As readers of Huxtable's Pulitzer Prize-winning criticism know, she is a discerning writer fluent in architectural thought and practice. She now offers a fresh perspective on Frank Lloyd Wright's much scrutinized yet still surprising life. Comfortable with ambiguity and complexity, Huxtable not only parses both key events and overlooked subtleties, she also wrestles with the prickly questions about character and creativity raised by the contrast between Wright's self-serving, tyrannical behavior and his enormously influential achievements. Fascinated by Wright's supreme confidence, fiscal recklessness, con-man charm, and phoenixlike resurrections, Huxtable tells the still shocking stories of his abandonment of his first wife and six children; the gruesome murders at Taliesin, his Wisconsin estate; and the conflicts with his vindictive second wife that landed him in jail and left him homeless. But Huxtable is no less compelling in her chronicling of Wright's ever-evolving vision of "organic architecture," which gave rise to his Prairie house; the Usonian house, the prototype for the ranch house; and many other innovations, thus renewing appreciation for a wildly unconventional but essential architect. Donna Seaman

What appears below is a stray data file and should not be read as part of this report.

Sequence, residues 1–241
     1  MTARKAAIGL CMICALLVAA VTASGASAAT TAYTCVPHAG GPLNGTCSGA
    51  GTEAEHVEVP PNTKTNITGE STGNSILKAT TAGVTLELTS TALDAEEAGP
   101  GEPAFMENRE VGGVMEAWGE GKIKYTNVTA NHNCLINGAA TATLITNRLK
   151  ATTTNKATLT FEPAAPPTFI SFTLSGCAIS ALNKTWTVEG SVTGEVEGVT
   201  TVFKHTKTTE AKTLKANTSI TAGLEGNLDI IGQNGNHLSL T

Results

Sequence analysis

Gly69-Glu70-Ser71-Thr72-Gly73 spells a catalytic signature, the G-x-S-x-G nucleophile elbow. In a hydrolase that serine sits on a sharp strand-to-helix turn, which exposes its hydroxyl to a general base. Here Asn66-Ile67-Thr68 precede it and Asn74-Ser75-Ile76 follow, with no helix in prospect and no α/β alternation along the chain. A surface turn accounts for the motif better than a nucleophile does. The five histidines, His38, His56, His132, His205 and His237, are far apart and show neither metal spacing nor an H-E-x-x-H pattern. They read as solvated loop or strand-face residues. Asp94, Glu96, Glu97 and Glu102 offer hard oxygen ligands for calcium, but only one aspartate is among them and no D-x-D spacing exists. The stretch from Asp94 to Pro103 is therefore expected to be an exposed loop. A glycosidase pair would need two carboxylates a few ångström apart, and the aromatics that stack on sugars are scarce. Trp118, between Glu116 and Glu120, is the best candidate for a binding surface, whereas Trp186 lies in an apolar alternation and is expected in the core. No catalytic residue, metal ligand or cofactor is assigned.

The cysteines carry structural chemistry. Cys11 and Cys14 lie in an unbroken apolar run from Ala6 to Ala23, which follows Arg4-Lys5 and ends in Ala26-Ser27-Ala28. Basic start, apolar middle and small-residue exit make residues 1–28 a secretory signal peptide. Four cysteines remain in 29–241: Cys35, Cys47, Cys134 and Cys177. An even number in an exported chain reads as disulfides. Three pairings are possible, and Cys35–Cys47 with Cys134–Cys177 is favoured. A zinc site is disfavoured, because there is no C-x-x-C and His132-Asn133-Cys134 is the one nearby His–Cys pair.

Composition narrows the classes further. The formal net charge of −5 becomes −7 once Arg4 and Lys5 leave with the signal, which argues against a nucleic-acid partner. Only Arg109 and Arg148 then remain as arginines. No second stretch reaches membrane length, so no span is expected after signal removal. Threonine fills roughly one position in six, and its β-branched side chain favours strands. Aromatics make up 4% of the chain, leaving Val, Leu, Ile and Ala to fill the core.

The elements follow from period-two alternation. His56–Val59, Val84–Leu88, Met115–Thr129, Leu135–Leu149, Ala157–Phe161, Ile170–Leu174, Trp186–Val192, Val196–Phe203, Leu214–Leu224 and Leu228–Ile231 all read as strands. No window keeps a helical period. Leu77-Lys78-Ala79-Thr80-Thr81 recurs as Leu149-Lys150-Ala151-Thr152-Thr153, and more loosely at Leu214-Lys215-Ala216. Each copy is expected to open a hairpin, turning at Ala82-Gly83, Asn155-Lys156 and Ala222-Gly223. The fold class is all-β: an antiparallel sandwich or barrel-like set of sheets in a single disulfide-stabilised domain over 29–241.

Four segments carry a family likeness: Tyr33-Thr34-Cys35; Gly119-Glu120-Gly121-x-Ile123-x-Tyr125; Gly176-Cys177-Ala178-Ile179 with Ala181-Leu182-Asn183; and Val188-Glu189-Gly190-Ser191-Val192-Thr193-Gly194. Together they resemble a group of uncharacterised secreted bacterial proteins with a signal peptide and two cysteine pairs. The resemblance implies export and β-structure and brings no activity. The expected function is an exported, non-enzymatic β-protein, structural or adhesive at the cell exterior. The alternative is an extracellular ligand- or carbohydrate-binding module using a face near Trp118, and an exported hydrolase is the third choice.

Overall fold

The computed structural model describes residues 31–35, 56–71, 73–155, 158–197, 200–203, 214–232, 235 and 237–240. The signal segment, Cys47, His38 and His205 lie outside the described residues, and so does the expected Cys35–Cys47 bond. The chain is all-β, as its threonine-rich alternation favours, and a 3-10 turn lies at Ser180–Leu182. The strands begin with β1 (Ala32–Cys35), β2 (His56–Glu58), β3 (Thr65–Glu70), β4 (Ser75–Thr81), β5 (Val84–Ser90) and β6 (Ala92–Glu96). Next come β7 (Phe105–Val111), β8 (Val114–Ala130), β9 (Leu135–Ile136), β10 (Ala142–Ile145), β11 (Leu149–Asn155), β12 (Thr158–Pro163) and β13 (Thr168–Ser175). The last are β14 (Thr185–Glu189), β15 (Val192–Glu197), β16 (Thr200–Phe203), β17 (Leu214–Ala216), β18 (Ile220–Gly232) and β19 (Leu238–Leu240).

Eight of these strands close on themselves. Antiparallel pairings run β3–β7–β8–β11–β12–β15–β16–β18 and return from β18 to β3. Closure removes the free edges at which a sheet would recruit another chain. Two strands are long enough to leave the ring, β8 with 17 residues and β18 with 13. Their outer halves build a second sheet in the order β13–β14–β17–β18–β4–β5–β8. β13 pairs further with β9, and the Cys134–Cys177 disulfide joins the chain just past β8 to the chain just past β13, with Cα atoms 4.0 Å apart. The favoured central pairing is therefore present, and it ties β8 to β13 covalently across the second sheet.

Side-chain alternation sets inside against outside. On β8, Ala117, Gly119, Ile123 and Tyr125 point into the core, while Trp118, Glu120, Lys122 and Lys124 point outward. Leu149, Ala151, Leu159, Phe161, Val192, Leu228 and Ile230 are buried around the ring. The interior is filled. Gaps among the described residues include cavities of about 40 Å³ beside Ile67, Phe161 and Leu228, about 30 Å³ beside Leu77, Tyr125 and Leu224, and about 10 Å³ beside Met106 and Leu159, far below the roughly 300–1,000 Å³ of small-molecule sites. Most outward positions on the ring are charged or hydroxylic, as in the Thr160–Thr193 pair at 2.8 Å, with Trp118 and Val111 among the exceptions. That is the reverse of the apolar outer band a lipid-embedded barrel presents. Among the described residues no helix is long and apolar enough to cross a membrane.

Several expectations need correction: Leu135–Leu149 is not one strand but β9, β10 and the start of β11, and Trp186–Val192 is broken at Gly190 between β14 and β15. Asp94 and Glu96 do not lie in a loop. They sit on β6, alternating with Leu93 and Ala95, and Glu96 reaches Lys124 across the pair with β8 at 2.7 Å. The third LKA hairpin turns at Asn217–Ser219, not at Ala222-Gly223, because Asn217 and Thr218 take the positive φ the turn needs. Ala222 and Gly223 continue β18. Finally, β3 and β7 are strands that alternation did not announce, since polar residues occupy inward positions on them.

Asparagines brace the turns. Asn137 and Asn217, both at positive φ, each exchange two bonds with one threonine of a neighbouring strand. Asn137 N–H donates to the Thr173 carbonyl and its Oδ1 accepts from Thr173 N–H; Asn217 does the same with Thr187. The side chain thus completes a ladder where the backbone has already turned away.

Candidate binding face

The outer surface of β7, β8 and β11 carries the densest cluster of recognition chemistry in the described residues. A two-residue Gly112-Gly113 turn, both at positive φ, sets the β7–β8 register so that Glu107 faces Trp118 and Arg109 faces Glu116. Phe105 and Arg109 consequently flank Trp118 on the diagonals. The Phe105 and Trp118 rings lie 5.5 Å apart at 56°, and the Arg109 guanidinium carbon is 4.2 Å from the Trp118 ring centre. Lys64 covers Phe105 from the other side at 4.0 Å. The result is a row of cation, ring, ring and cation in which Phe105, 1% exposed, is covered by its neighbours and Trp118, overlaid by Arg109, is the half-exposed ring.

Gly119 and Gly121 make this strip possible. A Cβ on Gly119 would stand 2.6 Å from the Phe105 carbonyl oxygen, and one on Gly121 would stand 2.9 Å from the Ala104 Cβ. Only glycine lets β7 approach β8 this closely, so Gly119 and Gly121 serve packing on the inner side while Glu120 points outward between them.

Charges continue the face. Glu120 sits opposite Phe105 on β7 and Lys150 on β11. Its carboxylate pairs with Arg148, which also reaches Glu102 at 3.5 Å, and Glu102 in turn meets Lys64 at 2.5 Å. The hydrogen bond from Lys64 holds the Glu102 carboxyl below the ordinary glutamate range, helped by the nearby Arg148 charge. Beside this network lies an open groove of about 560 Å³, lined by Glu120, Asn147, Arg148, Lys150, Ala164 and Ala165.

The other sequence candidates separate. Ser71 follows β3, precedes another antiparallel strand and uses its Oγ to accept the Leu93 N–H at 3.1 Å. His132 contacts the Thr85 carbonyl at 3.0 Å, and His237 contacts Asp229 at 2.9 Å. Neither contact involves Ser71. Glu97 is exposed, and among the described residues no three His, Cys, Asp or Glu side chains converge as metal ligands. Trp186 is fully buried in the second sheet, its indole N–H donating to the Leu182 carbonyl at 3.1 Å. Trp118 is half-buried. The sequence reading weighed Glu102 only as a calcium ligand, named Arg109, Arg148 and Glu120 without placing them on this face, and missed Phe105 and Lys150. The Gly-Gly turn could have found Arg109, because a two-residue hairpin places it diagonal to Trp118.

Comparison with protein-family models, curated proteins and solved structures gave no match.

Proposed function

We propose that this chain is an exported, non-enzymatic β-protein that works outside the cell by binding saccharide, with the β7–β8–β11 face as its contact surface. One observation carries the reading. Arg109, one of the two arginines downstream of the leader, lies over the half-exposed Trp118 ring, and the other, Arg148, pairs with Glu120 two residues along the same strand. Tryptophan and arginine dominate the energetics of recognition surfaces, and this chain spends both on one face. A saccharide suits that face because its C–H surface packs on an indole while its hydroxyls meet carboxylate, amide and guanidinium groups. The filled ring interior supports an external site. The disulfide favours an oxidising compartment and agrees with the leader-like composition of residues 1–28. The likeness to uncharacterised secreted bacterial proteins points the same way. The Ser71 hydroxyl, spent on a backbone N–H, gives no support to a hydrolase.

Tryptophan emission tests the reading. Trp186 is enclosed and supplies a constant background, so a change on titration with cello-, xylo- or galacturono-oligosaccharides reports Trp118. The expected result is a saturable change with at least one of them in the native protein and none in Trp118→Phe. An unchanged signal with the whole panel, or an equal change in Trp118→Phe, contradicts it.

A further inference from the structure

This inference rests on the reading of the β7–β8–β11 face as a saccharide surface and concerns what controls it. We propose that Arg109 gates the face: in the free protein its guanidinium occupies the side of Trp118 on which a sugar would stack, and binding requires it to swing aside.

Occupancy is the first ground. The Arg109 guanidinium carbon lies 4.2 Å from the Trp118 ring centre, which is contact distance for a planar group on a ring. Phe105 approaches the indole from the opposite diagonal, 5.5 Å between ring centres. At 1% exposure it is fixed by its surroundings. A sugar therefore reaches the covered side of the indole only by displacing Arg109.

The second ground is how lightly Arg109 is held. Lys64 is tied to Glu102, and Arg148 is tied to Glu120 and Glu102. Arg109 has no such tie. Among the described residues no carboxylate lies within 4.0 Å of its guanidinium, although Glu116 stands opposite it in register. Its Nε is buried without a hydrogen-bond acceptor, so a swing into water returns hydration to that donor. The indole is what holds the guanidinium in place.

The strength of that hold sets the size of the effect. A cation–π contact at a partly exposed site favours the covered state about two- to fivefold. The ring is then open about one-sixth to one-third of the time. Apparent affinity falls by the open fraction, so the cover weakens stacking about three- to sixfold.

Copyright © American Library Association. All rights reserved

Product Details

  • Series: Penguin Lives
  • Hardcover: 272 pages
  • Publisher: Viking Adult; First Edition edition (November 4, 2004)
  • Language: English
  • ISBN-10: 0670033421
  • ISBN-13: 978-0670033423
  • Product Dimensions: 5.4 x 1 x 7.9 inches
  • Shipping Weight: 12.8 ounces
  • Average Customer Review: 4.3 out of 5 stars  See all reviews (27 customer reviews)
  • Amazon Best Sellers Rank: #416,145 in Books (See Top 100 in Books)

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Customer Reviews

Top Customer Reviews

Format: Hardcover